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Donald Trump, Kim Jong-un find themselves closer than ever

Donald Trump, Kim Jong-un find themselves closer than ever
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SEOUL: It's obvious to anyone who looks at a map but also, this week, especially noteworthy: The leaders of two nations that have squared off with harsh words and the threat of nuclear war are now closer to each other than New York City's Trump Tower is to the White House.

That's presuming North Korean leader Kim Jong Un is in fact in Pyongyang, which is likely, though not as definite as US President Donald Trump's presence in Seoul, the South Korean capital. The American leader was there on Tuesday, meeting with South Korean President Moon Jae-in and urging Kim to "come to the table" and "make a deal."
The proximity of Trump and Kim this week is an interesting blip and, probably, little more. But it underscores a daily fact of life for the residents of the two Koreas' capitals: Their seats of government, mortal enemies linked by a common heritage, spend every day virtually breathing down each other's geographic necks.
Seoul, home to the Blue House where South Korea's president works, is just 125 miles (200 kilometers) from Pyongyang's Kim Il Sung Square and the heart of the North Korean regime. New York City, by comparison, is 205 miles (330 kilometers) from Washington, DC.
Trump will not get as near as he might to Pyongyang, however. On this trip, at least, he is not visiting the Demilitarized Zone that marks the border between North Korea and South Korea.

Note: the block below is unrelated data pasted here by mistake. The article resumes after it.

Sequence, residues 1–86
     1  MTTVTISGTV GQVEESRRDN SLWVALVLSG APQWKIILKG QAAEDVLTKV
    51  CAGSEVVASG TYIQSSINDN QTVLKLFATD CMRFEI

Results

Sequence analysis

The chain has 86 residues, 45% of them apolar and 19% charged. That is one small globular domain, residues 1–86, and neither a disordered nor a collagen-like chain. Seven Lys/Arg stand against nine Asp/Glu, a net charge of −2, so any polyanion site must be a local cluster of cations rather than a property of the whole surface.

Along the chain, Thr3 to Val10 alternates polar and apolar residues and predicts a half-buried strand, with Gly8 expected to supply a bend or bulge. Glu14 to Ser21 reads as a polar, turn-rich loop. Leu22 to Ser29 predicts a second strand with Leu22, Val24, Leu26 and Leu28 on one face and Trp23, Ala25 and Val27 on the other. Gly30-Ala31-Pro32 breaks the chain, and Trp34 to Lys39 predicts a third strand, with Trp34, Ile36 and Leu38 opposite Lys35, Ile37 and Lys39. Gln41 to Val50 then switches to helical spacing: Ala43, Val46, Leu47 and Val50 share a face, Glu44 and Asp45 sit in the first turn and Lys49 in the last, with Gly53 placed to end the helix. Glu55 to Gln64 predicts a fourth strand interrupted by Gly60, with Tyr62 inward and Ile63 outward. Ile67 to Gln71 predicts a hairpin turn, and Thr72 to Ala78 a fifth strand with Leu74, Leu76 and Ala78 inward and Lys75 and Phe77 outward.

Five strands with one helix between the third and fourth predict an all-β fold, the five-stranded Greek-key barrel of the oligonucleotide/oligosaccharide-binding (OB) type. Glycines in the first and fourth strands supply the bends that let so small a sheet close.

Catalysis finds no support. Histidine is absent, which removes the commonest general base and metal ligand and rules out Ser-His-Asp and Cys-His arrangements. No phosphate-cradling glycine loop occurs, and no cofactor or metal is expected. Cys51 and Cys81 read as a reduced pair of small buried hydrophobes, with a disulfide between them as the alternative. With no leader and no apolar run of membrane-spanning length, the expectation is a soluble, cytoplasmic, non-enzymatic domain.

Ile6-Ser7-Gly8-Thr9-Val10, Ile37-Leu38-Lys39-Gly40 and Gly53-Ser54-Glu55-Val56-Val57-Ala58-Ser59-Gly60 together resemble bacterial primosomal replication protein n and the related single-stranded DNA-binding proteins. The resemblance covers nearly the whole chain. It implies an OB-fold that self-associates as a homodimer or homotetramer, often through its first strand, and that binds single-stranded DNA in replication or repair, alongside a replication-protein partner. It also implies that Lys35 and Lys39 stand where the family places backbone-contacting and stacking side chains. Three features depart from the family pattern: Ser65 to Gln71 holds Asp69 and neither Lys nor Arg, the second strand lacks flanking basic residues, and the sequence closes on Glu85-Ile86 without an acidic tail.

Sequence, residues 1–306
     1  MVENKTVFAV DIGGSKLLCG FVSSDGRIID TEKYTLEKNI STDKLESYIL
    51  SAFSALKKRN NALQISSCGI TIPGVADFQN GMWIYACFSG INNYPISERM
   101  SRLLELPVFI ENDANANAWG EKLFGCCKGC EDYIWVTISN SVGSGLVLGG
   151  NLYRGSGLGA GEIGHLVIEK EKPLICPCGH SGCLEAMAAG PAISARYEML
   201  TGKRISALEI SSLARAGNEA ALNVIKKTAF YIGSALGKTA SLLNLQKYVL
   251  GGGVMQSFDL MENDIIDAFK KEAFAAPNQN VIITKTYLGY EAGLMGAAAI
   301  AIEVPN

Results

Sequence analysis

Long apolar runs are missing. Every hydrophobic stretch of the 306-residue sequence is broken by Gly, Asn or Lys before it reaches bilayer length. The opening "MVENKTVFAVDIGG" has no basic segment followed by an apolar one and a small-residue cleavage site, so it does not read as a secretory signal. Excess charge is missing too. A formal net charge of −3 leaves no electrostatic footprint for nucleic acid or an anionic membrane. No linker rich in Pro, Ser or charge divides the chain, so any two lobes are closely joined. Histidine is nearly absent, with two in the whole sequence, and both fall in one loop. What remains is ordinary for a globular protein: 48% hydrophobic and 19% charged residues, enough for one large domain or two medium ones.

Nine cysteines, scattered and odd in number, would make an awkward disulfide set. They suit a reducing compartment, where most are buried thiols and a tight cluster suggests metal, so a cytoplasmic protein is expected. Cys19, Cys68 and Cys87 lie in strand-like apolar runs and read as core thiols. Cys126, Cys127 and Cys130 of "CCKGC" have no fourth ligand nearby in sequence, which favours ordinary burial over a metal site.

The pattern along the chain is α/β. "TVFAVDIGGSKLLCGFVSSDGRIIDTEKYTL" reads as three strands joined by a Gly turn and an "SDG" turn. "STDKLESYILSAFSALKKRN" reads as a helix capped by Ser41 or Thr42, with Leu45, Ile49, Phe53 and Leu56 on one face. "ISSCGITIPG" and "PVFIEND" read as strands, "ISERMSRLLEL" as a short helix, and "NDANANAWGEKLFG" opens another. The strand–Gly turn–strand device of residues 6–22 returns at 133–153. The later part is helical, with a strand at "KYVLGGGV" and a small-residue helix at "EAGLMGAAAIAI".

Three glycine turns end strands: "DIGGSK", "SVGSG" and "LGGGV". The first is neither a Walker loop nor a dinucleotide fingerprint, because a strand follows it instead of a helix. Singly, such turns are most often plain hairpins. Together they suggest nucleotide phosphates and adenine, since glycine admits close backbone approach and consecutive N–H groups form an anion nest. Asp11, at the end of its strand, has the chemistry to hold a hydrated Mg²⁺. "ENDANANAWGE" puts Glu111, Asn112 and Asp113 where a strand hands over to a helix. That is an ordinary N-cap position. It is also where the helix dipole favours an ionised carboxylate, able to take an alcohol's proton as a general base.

Donald Trump, on his first day on the Korean peninsula, signaled a willingness to negotiate with North Korea to end its nuclear weapons program, urging Pyongyang to "come to the table" and "make a deal."
In a notable shift from his aggressive rhetoric toward North Korea, Trump took a more optimistic tone Tuesday, suggesting that "ultimately, it'll all work out." And while he said the United States would use military force if needed, he expressed his strongest inclination yet to deal with rising tensions with Pyongyang through diplomacy.
"It makes sense for North Korea to come to the table and make a deal that is good for the people of North Korea and for the world,'' Trump said during a news conference alongside South Korean president Moon Jae-in. "I do see certain movement."
Trump said he's seen "a lot of progress'' in dealing with North Korea though he stopped short of saying whether he wanted direct diplomatic talks.
Trump also underlined the United States' military options, noting that three aircraft carrier groups and a nuclear submarine had been deployed to the region.

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